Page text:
What was the key factor that first sparked your interest in MMA?




Thing is, I've always loved fighting ever since I was a kid. I didn't necessarily like the idea of hitting people and all that (until later) but I was always fascinated by martial arts and just how clearly it set someone apart from the rest. The way that every person fought and moved differently even among the same style, it really showed the "Art" aspect and how people could express themselves through combat. I can honestly say that "Fighting" itself has been an interest of mine since before I even knew that it was something I could choose as a profession, meaning even as far back as like 1st Grade. I'm just thankful that Eternal Fight Gym is giving me this opportunity to make use of myself and my rather different way of doing things.



Being an amateur right now, what do you think it will take to go pro?



I've got absolutely no doubt in my mind that going pro isn't going to be difficult. It's going to take a lot of blood, sweat, and working with Eternal Fight Gym to step my game up and elevate to a whole new level. However; despite the difficulty I'm sure will be involved I'm not deterred in the least but welcome it and once I go pro the goals don't stop there. I know with Chris, Tommy, Shaun, G-Funk (Gary), and everyone backing me and believing in my ability I'll go far. Not to mention my own determination and inability to quit.



Growing up were you involved in any martial arts or were you a brawler?



More or less I was just a brawler. Growing up I was too poor to afford any martial arts and I say that without any shame at all. My interest in it shone through on various occasions though, and for maybe three weeks or so one of my aunts (whom I have absolutely no connection with anymore) paid for some Tang Soo Do classes when I was about 12 with her son. I learned really fast, but wasn't really the social happy type. The smile on my face when Friday night sparring came up was something I still remembered. It wasn't anything hardcore, just rules where if you got the opponent to the ground or out of the little circle it was over. For that short time there I kicked a couple of the higher belts out easily which still makes me a bit proud.

I won't go into full detail about that, don't want to bore you folks. Had to stop that when my aunts son apparently lost interest, or some falling out with my aunt so martial arts was out of reach for me again until I was like 17. Then again, that didn't last for more than a month because we lacked funding and were going through a very rough period.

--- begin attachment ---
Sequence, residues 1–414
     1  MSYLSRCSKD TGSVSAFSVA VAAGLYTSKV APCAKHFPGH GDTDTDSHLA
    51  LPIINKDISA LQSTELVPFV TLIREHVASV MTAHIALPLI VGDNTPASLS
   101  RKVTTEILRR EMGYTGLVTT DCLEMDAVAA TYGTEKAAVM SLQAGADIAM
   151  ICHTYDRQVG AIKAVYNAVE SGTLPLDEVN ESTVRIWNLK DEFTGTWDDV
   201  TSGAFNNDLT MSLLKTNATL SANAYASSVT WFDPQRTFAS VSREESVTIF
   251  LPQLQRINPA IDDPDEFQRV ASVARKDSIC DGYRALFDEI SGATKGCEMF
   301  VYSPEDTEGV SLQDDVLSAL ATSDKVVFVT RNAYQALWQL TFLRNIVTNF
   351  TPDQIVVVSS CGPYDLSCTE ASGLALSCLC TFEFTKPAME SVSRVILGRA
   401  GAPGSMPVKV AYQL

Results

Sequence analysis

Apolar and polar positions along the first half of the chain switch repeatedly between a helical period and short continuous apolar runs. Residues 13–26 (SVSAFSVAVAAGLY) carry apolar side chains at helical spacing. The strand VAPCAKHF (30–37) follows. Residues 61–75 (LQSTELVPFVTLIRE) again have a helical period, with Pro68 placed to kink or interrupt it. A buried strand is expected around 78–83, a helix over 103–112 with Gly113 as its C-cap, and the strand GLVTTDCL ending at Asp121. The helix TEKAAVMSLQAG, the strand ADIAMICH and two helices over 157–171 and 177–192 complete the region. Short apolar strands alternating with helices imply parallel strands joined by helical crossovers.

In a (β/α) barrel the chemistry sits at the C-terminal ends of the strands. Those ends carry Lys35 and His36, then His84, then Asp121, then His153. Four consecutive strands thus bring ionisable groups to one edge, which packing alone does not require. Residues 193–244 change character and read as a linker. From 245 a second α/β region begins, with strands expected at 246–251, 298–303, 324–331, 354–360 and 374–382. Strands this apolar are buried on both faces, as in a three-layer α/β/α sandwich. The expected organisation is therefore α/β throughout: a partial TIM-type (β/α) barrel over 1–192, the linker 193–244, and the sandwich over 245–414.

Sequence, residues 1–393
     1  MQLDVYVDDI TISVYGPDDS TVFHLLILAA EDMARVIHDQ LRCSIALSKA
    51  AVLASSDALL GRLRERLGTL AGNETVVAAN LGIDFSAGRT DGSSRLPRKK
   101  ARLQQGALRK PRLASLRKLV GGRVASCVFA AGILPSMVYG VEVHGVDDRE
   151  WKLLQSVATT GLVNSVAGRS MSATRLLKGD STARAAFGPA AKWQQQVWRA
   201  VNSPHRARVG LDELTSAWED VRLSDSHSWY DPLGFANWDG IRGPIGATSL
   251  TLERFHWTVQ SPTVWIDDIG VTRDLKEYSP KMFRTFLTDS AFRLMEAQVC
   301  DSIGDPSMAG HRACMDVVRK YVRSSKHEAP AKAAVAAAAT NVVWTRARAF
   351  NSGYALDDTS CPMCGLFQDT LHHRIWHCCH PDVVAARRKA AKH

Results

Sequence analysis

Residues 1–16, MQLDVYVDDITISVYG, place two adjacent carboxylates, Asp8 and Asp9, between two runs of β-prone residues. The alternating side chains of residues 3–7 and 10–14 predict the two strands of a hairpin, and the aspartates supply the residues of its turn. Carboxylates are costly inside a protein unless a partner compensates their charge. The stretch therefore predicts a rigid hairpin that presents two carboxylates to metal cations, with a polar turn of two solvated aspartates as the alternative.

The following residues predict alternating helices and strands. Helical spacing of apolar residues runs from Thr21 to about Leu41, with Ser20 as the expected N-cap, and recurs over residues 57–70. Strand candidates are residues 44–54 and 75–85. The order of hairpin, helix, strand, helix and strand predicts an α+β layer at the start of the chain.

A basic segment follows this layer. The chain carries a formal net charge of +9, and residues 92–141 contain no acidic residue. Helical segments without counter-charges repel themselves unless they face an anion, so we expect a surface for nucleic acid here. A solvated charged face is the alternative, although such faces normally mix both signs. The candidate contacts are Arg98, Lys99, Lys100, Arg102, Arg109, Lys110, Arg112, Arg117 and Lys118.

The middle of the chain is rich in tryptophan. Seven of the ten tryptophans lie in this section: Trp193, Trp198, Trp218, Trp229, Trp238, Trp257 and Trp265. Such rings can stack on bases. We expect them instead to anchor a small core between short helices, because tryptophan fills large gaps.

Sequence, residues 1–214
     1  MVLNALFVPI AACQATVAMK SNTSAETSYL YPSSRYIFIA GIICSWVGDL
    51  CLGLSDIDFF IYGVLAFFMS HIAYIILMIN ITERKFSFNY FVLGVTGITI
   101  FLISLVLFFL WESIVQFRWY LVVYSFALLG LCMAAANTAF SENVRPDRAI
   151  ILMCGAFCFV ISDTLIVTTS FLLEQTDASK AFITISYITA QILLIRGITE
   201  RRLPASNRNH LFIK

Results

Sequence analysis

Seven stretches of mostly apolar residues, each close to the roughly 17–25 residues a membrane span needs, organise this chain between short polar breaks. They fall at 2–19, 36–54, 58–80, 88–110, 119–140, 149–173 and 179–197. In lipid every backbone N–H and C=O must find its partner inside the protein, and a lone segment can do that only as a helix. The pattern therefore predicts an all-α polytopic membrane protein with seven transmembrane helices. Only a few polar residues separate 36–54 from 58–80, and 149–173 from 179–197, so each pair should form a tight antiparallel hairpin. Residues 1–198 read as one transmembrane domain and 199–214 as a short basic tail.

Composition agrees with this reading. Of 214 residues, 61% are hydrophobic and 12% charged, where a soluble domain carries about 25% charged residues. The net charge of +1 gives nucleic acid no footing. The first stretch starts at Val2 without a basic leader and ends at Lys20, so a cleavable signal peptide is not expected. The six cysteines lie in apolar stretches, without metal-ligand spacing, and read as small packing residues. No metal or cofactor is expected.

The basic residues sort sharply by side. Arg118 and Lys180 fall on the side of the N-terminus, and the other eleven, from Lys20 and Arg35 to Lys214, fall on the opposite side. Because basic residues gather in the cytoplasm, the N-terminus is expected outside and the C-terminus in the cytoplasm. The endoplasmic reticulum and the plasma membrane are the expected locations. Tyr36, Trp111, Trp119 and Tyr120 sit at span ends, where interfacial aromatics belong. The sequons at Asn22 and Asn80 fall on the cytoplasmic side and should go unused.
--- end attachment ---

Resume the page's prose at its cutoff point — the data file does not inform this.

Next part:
At 20 I went back to that same school, and even without cash or anything the Grandmaster felt I had potential so let me train. I was in there as much as possible even when anyone else wasn't and focused a lot on Muay Thai. After little more than 5 months my family was going through yet another rough time, so I wanted to try and get a part time job to help. The Grandmaster didn't like that it'd cut into my training or whatever, and more or less kicked me from the school. Which is fine, since from an outside viewpoint I could see he was just trying to make me into some sort of copy of himself rather than allow me to grow on my own. For about 7 months after that, I went back to doing dumb shit. Smoking, drinking, getting in street fights, and lots of other trouble. I pretty much untrained everything I ever knew by reverting to that crap and feeling that martial arts was completely out of my reach again. Though, not for a single day was I able to get those thoughts out of my head. It's probably why I got into so many street fights, it was the only way I'd get that "Feel" again.

I ended up moving to Hagerstown, and while drinking with a friend I couldn't help but start talking about martial arts and how I'd love to get back into it. He pointed across the street and said "There's a Kickboxing school right there." which was pretty damn literal. So, with alcohol on my breath I got up walked over by myself and saw a few guys doing stretches. Tommy (Tom "The Hitman" Desmond) was the first guy I talked to, they told me to come back Monday. I did, and showed up pretty much every single day since. At first they tried to kill me, but that's Tommy for you haha. I wouldn't quit, and they said they could see from my movements that I had some basic/natural ability that they could work with. I'm thankful to Eternal Fight Gym more than you know right now.



What are you aspirations in the MMA community?



I want to go everywhere. I want to fight in every single bout I'm allowed to. If it means I can go to Japan, L.A, New York, anywhere at all I would love to go and get as much experience as possible. Holding a belt or two is definitely something I'm looking forward to, but an object is an object and it means nothing if I don't really let it be shown that I'm really in this fight game for the fight itself. The money, being known, and all that other shit are just side effects for me. I truly just love this sport, and I want to learn so much more and hopefully make a big impact on it. I won't say all my ideas how I intend to do that, you'll just have to keep an eye on me.